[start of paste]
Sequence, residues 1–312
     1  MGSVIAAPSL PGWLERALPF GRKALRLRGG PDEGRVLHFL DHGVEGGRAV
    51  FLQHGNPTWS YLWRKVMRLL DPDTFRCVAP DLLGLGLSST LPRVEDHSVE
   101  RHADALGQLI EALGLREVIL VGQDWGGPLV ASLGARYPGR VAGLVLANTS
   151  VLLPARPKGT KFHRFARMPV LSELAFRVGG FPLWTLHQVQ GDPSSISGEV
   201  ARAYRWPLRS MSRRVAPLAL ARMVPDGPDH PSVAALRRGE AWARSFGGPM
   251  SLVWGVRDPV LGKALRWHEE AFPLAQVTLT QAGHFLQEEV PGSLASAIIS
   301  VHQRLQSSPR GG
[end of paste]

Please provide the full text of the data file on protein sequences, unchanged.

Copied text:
Sequence, residues 1–312
     1  MGSVIAAPSL PGWLERALPF GRKALRLRGG PDEGRVLHFL DHGVEGGRAV
    51  FLQHGNPTWS YLWRKVMRLL DPDTFRCVAP DLLGLGLSST LPRVEDHSVE
   101  RHADALGQLI EALGLREVIL VGQDWGGPLV ASLGARYPGR VAGLVLANTS
   151  VLLPARPKGT KFHRFARMPV LSELAFRVGG FPLWTLHQVQ GDPSSISGEV
   201  ARAYRWPLRS MSRRVAPLAL ARMVPDGPDH PSVAALRRGE AWARSFGGPM
   251  SLVWGVRDPV LGKALRWHEE AFPLAQVTLT QAGHFLQEEV PGSLASAIIS
   301  VHQRLQSSPR GG